Finding an Inner Babysitter © Martyn Carruthers
Many people have problems communicating emotions and feelings.
We help people manage their emotions and solve relationship problems.
Common Types of Inner Children
It seems that most inner children are created during relationship disappointments – during a crisis that could have been at any age from pre-birth to young adult. Many people seem to have more than one inner child, and their inner children may play with or fight each other.
We help people find solutions for problematic emotions. Let’s look at some types of inner children and corresponding adult behaviors. Then we can consider how to find inner babysitters:
1. Playful Children
This inner child may want to play “let’s pretend“, and may be addicted to toys and perhaps to video games, and may be unpleasant to people who interfere with their toys and games. As adults they may have difficulty planning, and prefer to be spontaneous.
2. Demanding Children
This demanding inner child wants everything NOW. If they don’t get what they want, they may feel or express emotional outbursts or sulk. As adults they may wait for someone to give them what they want, and if not, they may feel motivated to take it.
3. Neglected Children
Unloved inner children want to be nurtured and loved like any hurt child, but may not feel lovable. They weren’t taught how to love or be loved, and they may be selfish and impulsive. As adults they may often feel empty or depressed – life never seems to make sense – and they may have problems expressing adult love.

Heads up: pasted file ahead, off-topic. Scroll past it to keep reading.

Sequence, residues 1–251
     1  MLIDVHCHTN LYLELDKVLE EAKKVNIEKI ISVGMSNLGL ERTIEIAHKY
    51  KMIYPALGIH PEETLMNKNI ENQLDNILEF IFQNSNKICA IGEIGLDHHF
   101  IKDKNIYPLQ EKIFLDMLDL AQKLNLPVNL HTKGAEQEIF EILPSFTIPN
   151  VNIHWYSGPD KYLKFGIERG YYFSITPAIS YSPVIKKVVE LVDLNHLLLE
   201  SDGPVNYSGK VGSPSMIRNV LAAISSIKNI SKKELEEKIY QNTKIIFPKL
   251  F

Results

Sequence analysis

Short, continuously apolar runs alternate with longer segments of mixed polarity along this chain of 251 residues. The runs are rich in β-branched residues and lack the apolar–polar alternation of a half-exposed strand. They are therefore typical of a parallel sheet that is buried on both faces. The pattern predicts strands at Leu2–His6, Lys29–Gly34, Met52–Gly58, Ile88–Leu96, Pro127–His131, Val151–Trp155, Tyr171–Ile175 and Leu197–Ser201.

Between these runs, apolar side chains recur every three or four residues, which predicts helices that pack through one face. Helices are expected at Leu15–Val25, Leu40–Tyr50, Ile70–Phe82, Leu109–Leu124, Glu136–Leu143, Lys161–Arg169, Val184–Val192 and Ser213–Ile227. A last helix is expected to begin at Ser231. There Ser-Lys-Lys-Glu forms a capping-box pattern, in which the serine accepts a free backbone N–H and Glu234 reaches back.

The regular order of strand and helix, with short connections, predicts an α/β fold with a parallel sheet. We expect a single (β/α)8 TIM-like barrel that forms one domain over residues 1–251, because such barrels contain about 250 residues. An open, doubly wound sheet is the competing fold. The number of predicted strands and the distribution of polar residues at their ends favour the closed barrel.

4. Abandoned Children
This lonely inner child felt discarded or rejected, perhaps during a divorce or because the parents were preoccupied. As adults they may fear being abandoned again, so they seek endless attention and reassurance. They may also be very angry.
5. Frightened Children
Frightened inner children may have been abused or overly criticized. As adults they may feel anxious and criticize themselves. They may continually seek acceptance – especially from people who they perceive to be somehow like parents. They may have (or fear) panic or anxiety attacks.
6. Detached Children
A suspicious inner child may not trust anyone. Any intimacy seems a scary risk. As adults they may avoid commitment and responsibilities … they may expect friends and partners to leave, and feel uneasy if someone stays. They may try to “buy and sell” love (they may measure love in gifts!)
7. Ignored Children
Rejected inner children may be forever hiding. As adults, they don’t know or believe in themselves and may feel undeserving of assistance or support. As adults they may be very logical and rational, but have difficulty defining and expressing their feelings.
8. Sensitive Children
This sensitive inner child rejected their real parents and searched for perfect parents or a ‘heavenly’ home. As adults they may be religious and either express intolerance for other philosophies or desperately check every possible spiritual path, searching for a way to “go home”.
Suppressing or ignoring inner children can have unpleasant consequences’
- Depreciates life